"The School Game," Cash Incentives, and An Announcement
Here at edweek.org, we've got a lot of really fantastic blogs that run the gamut of education topics, and catching up with them over the past few days, I ran into a couple of posts that are particularly relevant to those interested in student motivation.
Over at Bridging Differences, Deborah Meier talks about what happens when students "play the school game,"—i.e. when getting good grades begins to become more important than actually taking and pursuing classes that they're actually interested in.
Meanwhile, as one of my grandsons reminded me, high school and college alike are “means” for getting credits that can be turned into diplomas that can be turned into one’s improved job chances. The “school game” is set up to explore youth’s ingenuity at how to accomplish this task with the least energy and the least risk-taking—and the most money!
On her New Terrain blog, Jessica Shyu, who is now a program director for Teach For America in Washington, talks about how for at least one student, Washington's cash incentive program for students is working. She is quick to note, though, that it wasn't the incentive program alone. Another strong factor in this student's academic turnaround was "a really amazing teacher who teaches standards-aligned material that is rigorous, based in literature, and uses effective guided notes and assessment practices."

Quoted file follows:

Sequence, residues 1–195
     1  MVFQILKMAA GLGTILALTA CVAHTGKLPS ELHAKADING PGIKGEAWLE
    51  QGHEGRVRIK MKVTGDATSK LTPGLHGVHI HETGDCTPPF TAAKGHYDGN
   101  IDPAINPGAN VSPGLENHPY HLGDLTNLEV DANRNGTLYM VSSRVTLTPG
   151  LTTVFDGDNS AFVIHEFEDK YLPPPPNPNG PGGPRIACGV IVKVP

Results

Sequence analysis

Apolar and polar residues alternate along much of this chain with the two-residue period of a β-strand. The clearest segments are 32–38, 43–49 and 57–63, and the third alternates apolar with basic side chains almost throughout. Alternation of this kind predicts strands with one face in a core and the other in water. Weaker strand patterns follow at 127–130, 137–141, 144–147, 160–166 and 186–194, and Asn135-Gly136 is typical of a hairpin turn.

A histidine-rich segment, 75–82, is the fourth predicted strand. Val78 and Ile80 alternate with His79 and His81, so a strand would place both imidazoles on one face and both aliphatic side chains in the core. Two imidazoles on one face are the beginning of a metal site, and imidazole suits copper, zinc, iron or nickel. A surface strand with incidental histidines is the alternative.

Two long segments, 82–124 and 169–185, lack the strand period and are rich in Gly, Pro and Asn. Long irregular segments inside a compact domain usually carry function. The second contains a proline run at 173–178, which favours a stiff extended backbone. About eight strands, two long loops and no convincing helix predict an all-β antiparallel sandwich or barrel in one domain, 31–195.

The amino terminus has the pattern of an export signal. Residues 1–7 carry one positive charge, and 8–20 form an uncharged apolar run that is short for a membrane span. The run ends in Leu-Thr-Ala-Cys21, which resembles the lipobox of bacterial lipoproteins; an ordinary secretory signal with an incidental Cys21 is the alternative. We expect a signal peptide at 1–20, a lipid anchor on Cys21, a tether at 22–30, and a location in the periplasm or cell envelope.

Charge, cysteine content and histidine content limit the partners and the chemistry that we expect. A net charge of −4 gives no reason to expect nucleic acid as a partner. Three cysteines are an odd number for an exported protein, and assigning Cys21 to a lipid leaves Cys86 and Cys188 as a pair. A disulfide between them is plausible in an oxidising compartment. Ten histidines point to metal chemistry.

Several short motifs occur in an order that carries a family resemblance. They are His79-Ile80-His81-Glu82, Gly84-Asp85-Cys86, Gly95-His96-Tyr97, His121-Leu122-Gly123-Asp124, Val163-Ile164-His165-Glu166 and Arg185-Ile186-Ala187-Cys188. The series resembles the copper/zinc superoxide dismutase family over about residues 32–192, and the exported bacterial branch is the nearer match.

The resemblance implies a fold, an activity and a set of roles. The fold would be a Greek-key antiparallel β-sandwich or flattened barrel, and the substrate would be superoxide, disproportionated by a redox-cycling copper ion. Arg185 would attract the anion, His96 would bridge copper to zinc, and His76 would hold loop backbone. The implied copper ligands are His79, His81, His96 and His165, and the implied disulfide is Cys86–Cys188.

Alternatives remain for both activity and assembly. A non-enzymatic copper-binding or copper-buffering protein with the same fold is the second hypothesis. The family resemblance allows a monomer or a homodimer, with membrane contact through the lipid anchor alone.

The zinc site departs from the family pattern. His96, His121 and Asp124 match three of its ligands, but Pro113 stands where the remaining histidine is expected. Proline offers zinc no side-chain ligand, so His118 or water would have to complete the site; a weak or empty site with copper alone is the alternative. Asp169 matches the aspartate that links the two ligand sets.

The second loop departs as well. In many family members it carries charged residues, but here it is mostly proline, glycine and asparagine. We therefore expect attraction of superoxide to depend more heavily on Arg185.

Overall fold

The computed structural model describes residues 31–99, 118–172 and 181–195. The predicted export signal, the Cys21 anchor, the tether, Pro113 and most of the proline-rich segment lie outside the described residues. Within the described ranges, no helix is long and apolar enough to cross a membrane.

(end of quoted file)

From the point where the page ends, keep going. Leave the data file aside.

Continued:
Jessica also links to an interview with Roland Fryer, the creator of incentive programs in NYC, Washington, and Chicago, on The Colbert Report, which I have to admit was much different from the interview I did with him a few months back.
My last announcement is somewhat of a technical one. It seems that our RSS feed, which has been on the fritz for awhile, has been repaired. If you already have a reader, subscribe to Motivation Matters' feed by clicking on the orange icon to the right that says "Get RSS" and follow the instructions from there. If you don't use an RSS reader to keep track of all your blogs, you might want to check one out. I started using one a few years ago, and I don't know how I managed before. Check out this short, but helpful video, to get started.